stated in It All Started With Columbus that Darrow had "made a monkey out of" Bryan due to Bryan's ignorance of the Bible.

After the judge retroactively expunged all of Bryan's answers to Darrow's questions, both sides closed without summation. The jury quickly returned a guilty verdict with the defense's encouragement, and Bryan won the case. However, the state supreme court reversed the verdict on a technicality and Scopes went free.

Biologist Stephen Jay Gould
Stephen Jay Gould
Stephen Jay Gould was an American paleontologist, evolutionary biologist, and historian of science. He was also one of the most influential and widely read writers of popular science of his generation....

 has speculated that Bryan's anti-evolution views were a result of his Populist
Populism
Populism can be defined as an ideology, political philosophy, or type of discourse. Generally, a common theme compares "the people" against "the elite", and urges social and political system changes. It can also be defined as a rhetorical style employed by members of various political or social...

 idealism and suggests that Bryan's fight was really against eugenics
Eugenics
Eugenics is the "applied science or the bio-social movement which advocates the use of practices aimed at improving the genetic composition of a population", usually referring to human populations. The origins of the concept of eugenics began with certain interpretations of Mendelian inheritance,...

. However, the biographers, especially Michael Kazin
Michael Kazin
Michael Kazin is a professor of history at Georgetown University. He is co-editor of Dissent magazine. See his website: http://michaelkazin.com- Early life :...

, reject that conclusion, based on Bryan's failure during the trial or at any other time to attack eugenics
Eugenics
Eugenics is the "applied science or the bio-social movement which advocates the use of practices aimed at improving the genetic composition of a population", usually referring to human populations. The origins of the concept of eugenics began with certain interpretations of Mendelian inheritance,...

; Kazin notes that there is a section on eugenics in Civic Biology
Civic Biology
A Civic Biology: Presented in Problems was a biology textbook written by George William Hunter, published in 1914. It is the book which the state of Tennessee required high school teachers to use in 1925 and is best known for its section about evolution that was ruled by a local court to be in...

, which was the biology textbook Scopes was in trouble for using.

Death

Immediately after the trial, Bryan continued to edit and deliver speeches, traveling hundreds of miles that week. On Sunday, July 26, 1925, he drove from Chattanooga to Dayton, Tennessee
Dayton, Tennessee
Dayton is a city in Rhea County, Tennessee, United States. The population was 6,180 at the 2000 census. The Dayton, TN, Urban Cluster, which includes developed areas adjacent to the city and extends south to Graysville, Tennessee, had 9,050 people in 2000...

 to attend a church service, ate a meal, and died (the result of diabetes and fatigue) in his sleep that afternoon—just five days after the Scopes trial ended. School Superintendent Walter White proposed that Dayton should create a Christian college as a lasting memorial to Bryan; fund raising was successful and Bryan College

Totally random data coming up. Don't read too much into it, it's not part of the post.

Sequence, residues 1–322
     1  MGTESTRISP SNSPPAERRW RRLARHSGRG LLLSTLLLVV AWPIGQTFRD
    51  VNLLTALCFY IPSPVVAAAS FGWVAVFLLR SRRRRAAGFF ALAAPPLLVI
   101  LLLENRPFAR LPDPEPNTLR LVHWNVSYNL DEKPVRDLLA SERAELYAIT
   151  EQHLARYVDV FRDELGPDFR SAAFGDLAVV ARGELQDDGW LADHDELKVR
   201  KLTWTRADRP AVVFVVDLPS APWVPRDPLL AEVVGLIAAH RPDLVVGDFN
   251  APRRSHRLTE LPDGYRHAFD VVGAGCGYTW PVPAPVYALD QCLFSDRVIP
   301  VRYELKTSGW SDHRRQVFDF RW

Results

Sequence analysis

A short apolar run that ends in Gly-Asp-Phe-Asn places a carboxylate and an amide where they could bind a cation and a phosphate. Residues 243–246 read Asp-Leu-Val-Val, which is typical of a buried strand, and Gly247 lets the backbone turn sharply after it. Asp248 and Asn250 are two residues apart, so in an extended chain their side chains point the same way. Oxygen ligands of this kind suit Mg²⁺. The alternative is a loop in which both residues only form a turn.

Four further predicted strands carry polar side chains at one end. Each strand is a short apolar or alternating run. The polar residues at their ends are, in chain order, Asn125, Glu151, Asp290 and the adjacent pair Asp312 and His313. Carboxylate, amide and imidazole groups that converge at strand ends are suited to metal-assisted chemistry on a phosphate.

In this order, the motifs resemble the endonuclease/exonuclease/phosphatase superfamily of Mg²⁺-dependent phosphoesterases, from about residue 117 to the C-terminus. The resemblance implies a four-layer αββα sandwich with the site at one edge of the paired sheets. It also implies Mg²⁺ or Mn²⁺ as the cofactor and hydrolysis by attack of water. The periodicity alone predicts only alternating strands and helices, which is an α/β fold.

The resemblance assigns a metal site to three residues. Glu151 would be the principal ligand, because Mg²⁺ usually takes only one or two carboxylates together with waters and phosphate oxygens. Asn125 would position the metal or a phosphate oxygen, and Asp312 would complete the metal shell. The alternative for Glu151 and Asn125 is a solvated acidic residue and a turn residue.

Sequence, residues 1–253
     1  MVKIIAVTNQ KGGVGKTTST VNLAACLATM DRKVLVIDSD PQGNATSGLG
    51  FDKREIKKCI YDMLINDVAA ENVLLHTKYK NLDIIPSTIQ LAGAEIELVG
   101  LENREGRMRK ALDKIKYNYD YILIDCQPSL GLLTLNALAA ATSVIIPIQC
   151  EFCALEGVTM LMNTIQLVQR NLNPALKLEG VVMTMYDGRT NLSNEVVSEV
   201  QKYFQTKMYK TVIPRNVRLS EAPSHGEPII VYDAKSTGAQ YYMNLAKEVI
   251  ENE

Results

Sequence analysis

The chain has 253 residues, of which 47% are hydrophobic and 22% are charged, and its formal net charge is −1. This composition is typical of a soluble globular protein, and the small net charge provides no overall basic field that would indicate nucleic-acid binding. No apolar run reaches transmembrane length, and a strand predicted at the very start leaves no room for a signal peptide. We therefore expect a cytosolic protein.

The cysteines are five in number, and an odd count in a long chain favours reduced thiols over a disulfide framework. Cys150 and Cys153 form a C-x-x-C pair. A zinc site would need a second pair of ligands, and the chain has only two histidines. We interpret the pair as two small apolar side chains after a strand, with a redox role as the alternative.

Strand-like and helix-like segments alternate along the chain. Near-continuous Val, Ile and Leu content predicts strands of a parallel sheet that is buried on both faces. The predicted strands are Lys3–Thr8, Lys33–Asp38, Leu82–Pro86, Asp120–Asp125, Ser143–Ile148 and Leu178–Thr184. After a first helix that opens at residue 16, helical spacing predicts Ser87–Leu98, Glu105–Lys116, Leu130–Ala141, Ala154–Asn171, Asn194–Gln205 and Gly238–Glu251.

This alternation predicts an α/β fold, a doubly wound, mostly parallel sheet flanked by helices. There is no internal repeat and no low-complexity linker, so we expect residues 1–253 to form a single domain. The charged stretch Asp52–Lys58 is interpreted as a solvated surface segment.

Bryan College
Bryan College is a Christian liberal arts college in Dayton, Tennessee. It was founded in the aftermath of the 1925 Scopes Trial to establish an institution of higher education that would teach from a Christian worldview.-History:...

 opened in 1930. Bryan is buried in Arlington National Cemetery
Arlington National Cemetery
Arlington National Cemetery in Arlington County, Virginia, is a military cemetery in the United States of America, established during the American Civil War on the grounds of Arlington House, formerly the estate of the family of Confederate general Robert E. Lee's wife Mary Anna Lee, a great...

. His tombstone reads "He kept the Faith." He was survived by among others, a daughter, Congresswoman Ruth Bryan Owen
Ruth Bryan Owen
Ruth Bryan Owen was the daughter of William Jennings Bryan and mother of Helen Rudd Brown. A Democrat, in 1929 she became Florida’s first woman representative in the United States Congress, coming from Florida’s 4th district. Representative Owen was also the first woman to earn a spot on the...

 and her son (by artist William Homer Leavitt
William Homer Leavitt
William Homer Leavitt was an American portrait painter who married the daughter of politician William Jennings Bryan. For a time, Leavitt was a sought-after society portraitist, until he departed for Paris to pursue his art. He was subsequently divorced by his wife, and his two children were...

) John Bryan Leavitt and daughter Ruth Leavitt, as well as two children by her second husband, British Royal Engineers
Royal Engineers
The Corps of Royal Engineers, usually just called the Royal Engineers , and commonly known as the Sappers, is one of the corps of the British Army....

 officer Reginald A. Owen.

Popular image

Inherit the Wind
Inherit the Wind (play)
Inherit the Wind is a play by Jerome Lawrence and Robert Edwin Lee. The play, which debuted in 1955, is a parable that fictionalizes the 1925 Scopes "Monkey" Trial as a means to discuss the then-contemporary McCarthy trials.-Background:...

, a 1955 play by Jerome Lawrence and Robert Edwin Lee, is a fictionalized account of the Scopes Trial written in response to McCarthyism
McCarthyism
McCarthyism is the practice of making accusations of disloyalty, subversion, or treason without proper regard for evidence. The term has its origins in the period in the United States known as the Second Red Scare, lasting roughly from the late 1940s to the late 1950s and characterized by...